The face says it all. This chilly cat wins Biggest Nope, even though we all know it probably insisted on going outside in the first place.

Coolest Nurses


Preparing for gas mask drill
2005.216.0001.00001

Knowing that one’s nurse has trained for chemical warfare brings such a sense of comfort to patients. These World War II nurses, preparing for a gas mask drill in 1943, win the Archives Award for Coolest Nurses.

Most Questionable Medical Advice


Painkiller recipe from Dismuke’s Book of Formulas and Prescriptions by Edward E. Dismuke (circa 1890)

Dismuke’s Book of Formulas and Prescriptions (circa 1890) serves as a kind of medical grocery list. If you’re feeling down, simply give a recipe to your local pharmacist and enjoy the effects of opium, alcohol and chloroform on your symptoms! Soon after, you won’t be feeling anything at all.

And don’t forget about your cow—Dismuke’s also recommends using “purgatives” to rid your cow of “bloody milk.” Don’t expect the cow to thank you.

Needless to say, this book wins the Archives Award for Most Questionable Medical Advice.

Friendliest Book


Guide to Life and Literature of the Southwest, With a Few Observations by J. Frank Dobie (1943)

It’s a capitalist world, and I’m a copyright girl! But not J. Frank Dobie’s Guide to Life and Literature of the Southwest, With a Few Observations (1943). It wins the category for Friendliest Book. His copyright page states, “Not Copyrighted. Anybody is welcome to help himself to it in any way.” Aww, thanks, Mr. Dobie! (But profits! What about the profits?)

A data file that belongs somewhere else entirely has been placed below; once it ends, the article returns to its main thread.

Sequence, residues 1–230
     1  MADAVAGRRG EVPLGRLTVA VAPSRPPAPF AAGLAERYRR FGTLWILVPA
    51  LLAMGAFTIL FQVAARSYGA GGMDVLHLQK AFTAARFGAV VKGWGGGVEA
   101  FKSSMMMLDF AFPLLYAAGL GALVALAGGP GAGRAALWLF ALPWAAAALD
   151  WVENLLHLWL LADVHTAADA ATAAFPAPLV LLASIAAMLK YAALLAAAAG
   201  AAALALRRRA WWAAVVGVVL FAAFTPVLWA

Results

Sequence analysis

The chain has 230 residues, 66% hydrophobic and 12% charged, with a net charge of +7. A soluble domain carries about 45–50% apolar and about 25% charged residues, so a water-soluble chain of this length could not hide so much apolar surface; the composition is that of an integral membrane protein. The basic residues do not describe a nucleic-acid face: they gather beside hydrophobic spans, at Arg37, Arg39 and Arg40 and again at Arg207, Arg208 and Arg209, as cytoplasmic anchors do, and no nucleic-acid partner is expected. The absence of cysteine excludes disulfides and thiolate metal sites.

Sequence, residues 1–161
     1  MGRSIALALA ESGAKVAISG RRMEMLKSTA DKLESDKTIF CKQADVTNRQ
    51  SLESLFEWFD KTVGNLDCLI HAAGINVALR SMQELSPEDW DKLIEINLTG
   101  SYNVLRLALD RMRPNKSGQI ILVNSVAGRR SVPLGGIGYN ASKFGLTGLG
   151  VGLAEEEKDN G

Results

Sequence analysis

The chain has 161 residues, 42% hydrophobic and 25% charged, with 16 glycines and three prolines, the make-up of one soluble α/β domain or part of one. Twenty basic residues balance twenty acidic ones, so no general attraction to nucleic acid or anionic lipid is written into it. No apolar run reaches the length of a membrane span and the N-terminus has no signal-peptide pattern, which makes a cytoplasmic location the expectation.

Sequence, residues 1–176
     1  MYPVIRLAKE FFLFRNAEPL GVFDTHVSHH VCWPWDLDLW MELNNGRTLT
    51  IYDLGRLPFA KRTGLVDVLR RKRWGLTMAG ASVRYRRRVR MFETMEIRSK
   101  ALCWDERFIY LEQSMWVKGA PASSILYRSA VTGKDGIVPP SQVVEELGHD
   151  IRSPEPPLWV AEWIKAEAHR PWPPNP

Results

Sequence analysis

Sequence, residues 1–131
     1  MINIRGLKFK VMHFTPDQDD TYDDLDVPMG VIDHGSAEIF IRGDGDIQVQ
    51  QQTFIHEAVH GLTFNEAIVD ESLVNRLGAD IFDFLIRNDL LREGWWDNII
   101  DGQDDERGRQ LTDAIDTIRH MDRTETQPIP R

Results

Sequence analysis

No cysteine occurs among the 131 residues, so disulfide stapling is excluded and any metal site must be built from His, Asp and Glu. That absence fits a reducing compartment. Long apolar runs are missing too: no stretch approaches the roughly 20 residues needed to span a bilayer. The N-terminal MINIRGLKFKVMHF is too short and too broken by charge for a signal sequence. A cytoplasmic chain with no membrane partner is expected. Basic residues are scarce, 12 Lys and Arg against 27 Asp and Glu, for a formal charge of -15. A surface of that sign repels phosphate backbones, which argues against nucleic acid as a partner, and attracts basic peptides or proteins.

Best Wedding Dress


Lieutenant Andrew Cooley and Joan Cooley on their wedding day
2012.023.0005

Your wedding dress might have been pretty, but was it flowing-gracefully-through-an-Honor-Guard-saber-arch-with-your-GI-Joe-Lieutenant-groom pretty?

Best Cover Illustration


Flowers of Mountain and Plain by Edith S. Clements (1926)

Twenty-five color plates illustrate 175 wildflower species found in Colorado and the Rocky Mountains. Originally published in 1915, this 1926 third edition is decorated with a vibrant cover in addition to its contents. An easy win for Best Cover Illustration!

Clements was a respected botanist, the first woman to earn a Ph.D. from the University of Nebraska (in 1904). She and her husband founded the Alpine Laboratory on Pikes Peak.

If you’ve enjoyed the 2021 Archives Awards, there’s more! Browse our website to find all kinds of digitized items, or contact Archives & Local History staff to set up an appointment to see our vault collections and other resources.

Activities From the Archives

Douglas County Libraries Archives & Local History (ALH) has put together the following activity packages to encourage learning about what archives do and how you can use these types of collections, even from home. Each topic contains a downloadable link to instructions and resource guides, along with fun activities you can do safely at home or in your backyard. Click the links to download the activity packages, then follow the instructions for a fun learning experience!